In a recent column, I alluded to the political rationale for President Obama to take executive action on immigration. Briefly, it would be delivering on a promise to the base, with the hopes that any angry or overly aggressive reaction among Republicans would damage their prospects with Hispanics ahead of the 2016 presidential election.
But there’s also another factor to consider — that any such executive action will unify Republicans on an issue that’s typically the source of deep division with in the party, and it could make it easier for Republicans to explain to voters why they haven’t passed an immigration bill come 2016.
It’s worth remembering that whenever the possibility of immigration legislation comes before Congress, it ignites the conflict between the national GOP and grassroots conservatives like no other issue. Conservatives pounce on Republican leaders for any indication that they’re going to surrender on key principles, and Republican leaders wish conservatives would simmer down so as to not endanger their political strategy.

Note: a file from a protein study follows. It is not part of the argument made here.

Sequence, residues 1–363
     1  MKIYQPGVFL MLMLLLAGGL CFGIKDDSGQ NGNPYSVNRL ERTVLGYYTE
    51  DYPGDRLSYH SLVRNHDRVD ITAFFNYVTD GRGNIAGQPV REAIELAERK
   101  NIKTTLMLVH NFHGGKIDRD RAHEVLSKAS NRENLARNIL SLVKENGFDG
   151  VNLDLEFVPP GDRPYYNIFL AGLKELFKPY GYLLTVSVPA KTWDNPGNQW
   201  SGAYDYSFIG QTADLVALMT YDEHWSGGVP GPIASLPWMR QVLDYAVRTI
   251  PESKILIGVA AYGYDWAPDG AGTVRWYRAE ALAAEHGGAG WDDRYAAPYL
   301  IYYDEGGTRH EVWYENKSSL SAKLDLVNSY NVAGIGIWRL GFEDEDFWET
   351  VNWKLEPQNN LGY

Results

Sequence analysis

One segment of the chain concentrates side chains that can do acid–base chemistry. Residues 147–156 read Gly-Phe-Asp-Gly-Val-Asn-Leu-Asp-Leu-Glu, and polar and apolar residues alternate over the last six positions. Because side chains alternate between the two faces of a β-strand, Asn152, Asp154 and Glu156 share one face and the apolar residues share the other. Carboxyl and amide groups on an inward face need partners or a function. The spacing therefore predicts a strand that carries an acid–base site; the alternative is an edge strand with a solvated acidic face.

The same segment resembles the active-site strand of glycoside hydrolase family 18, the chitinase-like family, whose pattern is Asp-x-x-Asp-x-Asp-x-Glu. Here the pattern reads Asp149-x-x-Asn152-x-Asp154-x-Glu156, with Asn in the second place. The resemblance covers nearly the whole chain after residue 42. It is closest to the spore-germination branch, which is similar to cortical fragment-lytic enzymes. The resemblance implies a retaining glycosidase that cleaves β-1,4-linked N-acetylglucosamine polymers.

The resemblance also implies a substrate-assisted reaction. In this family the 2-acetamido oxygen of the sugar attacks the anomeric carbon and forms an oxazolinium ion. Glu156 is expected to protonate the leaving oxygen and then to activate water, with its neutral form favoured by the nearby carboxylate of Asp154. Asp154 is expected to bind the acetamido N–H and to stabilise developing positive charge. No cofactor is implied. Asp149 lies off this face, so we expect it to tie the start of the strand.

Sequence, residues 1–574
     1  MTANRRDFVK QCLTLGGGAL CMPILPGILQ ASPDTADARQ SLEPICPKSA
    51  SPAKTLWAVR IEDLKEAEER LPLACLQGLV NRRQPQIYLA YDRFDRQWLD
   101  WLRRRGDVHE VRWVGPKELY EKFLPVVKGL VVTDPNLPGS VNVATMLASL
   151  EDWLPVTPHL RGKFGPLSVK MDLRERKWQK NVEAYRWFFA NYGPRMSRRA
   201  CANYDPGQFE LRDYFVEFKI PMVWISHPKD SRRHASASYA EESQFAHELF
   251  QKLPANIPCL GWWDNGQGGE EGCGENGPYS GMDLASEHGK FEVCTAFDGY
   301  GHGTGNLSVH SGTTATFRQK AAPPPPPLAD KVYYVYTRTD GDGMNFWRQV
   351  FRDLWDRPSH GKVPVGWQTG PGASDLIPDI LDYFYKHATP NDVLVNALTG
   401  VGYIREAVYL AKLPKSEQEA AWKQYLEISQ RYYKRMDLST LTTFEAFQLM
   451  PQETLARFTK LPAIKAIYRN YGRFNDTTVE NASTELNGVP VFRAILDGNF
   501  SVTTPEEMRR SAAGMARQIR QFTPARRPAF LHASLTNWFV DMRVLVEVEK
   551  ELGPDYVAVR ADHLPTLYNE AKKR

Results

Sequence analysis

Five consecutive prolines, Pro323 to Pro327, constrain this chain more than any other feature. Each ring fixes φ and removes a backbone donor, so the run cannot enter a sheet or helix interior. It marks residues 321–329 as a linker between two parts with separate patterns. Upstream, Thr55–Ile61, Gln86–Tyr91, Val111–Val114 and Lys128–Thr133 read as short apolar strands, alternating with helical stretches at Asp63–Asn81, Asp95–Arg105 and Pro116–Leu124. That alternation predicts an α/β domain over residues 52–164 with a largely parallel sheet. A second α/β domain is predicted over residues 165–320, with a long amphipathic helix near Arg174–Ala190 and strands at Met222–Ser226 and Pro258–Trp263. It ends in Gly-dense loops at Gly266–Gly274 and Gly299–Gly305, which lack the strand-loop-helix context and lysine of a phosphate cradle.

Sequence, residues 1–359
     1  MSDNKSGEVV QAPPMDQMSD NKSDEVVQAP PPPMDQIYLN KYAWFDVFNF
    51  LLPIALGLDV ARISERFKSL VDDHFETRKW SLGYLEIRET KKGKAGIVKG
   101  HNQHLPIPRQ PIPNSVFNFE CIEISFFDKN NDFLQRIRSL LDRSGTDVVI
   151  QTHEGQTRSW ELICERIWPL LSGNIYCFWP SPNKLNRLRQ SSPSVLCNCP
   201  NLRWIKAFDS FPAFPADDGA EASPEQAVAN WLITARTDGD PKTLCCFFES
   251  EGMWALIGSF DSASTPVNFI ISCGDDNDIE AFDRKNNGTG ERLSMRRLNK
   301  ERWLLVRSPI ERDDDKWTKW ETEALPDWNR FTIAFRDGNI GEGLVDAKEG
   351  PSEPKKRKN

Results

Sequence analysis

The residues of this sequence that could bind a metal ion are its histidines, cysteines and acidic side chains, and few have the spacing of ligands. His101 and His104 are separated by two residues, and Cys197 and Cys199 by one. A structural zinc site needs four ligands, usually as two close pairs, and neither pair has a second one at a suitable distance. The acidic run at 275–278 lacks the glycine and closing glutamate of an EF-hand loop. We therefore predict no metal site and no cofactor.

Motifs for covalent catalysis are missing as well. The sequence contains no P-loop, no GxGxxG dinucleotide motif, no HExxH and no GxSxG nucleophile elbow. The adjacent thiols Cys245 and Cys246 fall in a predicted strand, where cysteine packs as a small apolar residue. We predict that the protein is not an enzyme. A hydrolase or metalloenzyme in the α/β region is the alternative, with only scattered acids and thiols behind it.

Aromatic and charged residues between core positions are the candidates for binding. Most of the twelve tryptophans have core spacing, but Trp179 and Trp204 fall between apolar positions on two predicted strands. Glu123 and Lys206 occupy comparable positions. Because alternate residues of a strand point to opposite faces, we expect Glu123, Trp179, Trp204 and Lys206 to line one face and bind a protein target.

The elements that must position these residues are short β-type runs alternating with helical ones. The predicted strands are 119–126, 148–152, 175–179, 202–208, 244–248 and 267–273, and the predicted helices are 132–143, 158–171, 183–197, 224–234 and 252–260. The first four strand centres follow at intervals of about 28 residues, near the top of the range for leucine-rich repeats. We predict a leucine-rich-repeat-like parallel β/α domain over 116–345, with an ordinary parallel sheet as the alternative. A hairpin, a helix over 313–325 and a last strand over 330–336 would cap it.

The moment Obama acts unilaterally on the issue (assuming he does), this dynamic will change. Republicans of all stripes will be united in their opposition against what they perceive to be another act of lawlessness by Obama, especially egregious following an election in which his party suffered a historic defeat.
Obama may think he can win over the public by arguing that House Republicans failed to act on immigration, so he was forced to step in. But I’m not so sure that argument will fly.
Words of GOP Wisdom:
Give a FOOL (President Obola) enough rope and watch him hang himself (on the Fiat tree).
74% are now against the Senate gang of 8 Amnesty bill. 80% of Americans polled are against Obama’s unconstitutional scheme to enact his Executive Amnesty.
That’s a hell of a lot more people than are card carrying members of the Republican Party.